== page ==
A massive fire engulfed a residential high-rise building in London on Wednesday, leaving scores injured and an undetermined amount of people dead.
The London Fire Brigade dispatched at least 40 fire engines, 20 ambulance crews and more than 200 firefighters in an effort to battle the conflagration at the 24-story Grenfell Tower in West London.
A representative for the London Fire Brigade said there had been “a number of fatalities,” but declined to say how many people had died. Authorities said they were still monitoring the stability of the structure, but firefighters had managed to enter the building and had checked as many as 20 floors for remaining people.
“This is an unprecedented incident,” London Fire Commissioner Dany Cotton told reporters. “In my 29 years of being a firefighter, I have never ever seen anything of this scale.”
An exact figure for the number of injured has not yet been released either, but the London Ambulance Service said 50 people had been transported to five local hospitals after the incident, while the London Metropolitan Police said in a prior statement many people were being given medical care for a range of injuries.
It is not known yet what caused the fire, which firefighters continue to battle. The blaze has left the building almost totally charred, and there were fears in the morning about the building’s structural integrity as it appeared to lurch slightly to one side.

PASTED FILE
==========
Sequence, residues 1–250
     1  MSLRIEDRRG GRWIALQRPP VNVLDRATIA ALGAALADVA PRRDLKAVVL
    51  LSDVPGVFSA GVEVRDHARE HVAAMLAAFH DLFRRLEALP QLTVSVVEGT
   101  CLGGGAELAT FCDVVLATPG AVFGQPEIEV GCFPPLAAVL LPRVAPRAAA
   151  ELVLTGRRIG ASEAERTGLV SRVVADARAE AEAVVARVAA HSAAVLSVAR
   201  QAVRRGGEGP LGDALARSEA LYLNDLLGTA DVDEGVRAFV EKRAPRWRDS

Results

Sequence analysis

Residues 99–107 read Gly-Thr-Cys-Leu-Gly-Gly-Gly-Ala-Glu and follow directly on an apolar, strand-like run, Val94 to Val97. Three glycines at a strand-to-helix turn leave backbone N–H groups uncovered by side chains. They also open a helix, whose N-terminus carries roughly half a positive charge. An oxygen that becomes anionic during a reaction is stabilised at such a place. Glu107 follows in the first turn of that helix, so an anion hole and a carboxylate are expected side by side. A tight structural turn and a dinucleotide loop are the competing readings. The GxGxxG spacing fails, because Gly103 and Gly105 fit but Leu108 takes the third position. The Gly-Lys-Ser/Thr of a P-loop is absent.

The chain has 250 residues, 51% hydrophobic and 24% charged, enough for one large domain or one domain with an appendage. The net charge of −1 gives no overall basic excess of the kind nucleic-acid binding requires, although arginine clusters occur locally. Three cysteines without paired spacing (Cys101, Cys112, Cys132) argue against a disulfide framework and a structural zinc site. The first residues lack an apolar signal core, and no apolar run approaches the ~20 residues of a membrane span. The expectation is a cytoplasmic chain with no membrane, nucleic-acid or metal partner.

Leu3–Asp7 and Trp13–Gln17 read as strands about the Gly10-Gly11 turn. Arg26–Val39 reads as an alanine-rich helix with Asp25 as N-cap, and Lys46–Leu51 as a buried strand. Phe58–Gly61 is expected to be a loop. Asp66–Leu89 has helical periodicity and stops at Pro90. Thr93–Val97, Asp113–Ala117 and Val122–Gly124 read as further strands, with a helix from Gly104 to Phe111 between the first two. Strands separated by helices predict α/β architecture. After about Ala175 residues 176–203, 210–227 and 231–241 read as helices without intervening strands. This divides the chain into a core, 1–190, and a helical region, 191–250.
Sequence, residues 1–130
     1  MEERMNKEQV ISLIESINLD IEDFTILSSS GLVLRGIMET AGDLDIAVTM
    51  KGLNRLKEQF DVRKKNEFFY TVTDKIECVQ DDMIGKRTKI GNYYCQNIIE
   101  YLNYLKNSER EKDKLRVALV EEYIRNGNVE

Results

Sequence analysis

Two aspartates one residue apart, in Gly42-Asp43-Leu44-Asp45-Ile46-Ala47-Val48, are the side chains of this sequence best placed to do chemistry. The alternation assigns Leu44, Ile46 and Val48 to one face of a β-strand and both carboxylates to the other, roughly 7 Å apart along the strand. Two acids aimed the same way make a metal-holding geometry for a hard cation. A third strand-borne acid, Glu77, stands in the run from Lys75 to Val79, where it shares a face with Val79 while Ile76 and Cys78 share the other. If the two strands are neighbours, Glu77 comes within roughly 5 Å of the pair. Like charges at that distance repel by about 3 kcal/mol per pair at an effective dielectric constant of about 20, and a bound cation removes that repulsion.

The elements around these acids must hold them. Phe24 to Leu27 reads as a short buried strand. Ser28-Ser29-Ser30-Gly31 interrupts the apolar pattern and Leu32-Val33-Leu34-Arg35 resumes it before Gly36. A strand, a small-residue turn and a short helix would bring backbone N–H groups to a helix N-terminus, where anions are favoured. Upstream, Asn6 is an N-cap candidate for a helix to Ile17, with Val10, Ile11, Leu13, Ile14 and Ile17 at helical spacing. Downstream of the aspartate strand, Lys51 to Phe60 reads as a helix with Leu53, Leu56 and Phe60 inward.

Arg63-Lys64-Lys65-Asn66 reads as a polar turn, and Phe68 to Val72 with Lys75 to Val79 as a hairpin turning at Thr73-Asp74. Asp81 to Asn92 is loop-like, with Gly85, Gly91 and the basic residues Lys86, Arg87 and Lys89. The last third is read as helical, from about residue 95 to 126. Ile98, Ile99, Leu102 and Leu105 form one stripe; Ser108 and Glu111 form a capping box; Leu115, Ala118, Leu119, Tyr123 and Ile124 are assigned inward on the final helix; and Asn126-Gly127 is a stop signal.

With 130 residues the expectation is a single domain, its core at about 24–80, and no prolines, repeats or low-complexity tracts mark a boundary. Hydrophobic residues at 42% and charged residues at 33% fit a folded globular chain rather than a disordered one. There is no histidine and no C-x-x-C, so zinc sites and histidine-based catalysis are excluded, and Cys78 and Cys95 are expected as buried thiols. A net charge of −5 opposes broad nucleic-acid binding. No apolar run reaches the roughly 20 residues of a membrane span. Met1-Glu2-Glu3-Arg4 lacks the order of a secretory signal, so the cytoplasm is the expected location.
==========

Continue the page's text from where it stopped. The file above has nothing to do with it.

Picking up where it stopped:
The tower, built in 1974, contains 120 apartments, according to its management company Kensington and Chelsea Tenant Management Organisation.
One resident told ABC News that he woke up, smelling smoke, and thought his laptop was overheating. He said it seemed as if the fire had been going off for at least 30 minutes before the building’s fire alarms went off.
The resident, who said he was initially told to stay in place, said he fled the building once he realized how thick the smoke was. Regrettably, he said he was unable to carry his elderly father and fears that he may not have survived.
London Fire Brigade assistant commissioner Dan Daly said in a statement that “firefighters wearing breathing apparatus are working extremely hard in very difficult conditions to tackle this fire. This is a large and very serious incident and we have deployed numerous resources and specialist appliances.”
London Mayor Sadiq Khan said he was “truly devastated” by the incident and warned that the numbers of dead and injured could increase.
“My heart goes out to everyone affected. I am sad to confirm that we now know there have been fatalities and more than fifty people have been taken to hospitals [around London],” Khan said in a statement early Wednesday. “The fire service is dealing with a rapidly changing situation and these numbers [of dead and injured] are likely to rise.”
London Metropolitan Police said they were called at 1:16 a.m. “to reports of a large fire at a block of flats in the Lancaster West Estate, W11.”
Social media users posted images and video of the fire as it continued to rage after sunrise, while others posted images of loved ones who had gone missing after the fire.
“It looks very bad, very very bad. I’ve never seen anything like this. It’s just such a big fire,” Tim Downey, an eyewitness, told BBC early Wednesday. “It has burned through to its very core.”
He said part of the building appeared to be “completely burned away.”
“The whole building is just crumbling. It’s just billowing black smoke,” Downey said.
Another witness, who only gave her first name, Hanan, told ABC News that she managed to escape from the building’s ninth floor, but she said was worried about her brother, Abdul Aziz, and his family who were on the 26th floor.
Some tenants have complained about the upkeep of the tower in the past, specifically warning about the fire risk. In November, a residents group called Grenfell Action Group said that only a “catastrophic event” would expose the concerns they had about the building’s landlord, according to the group’s blog post.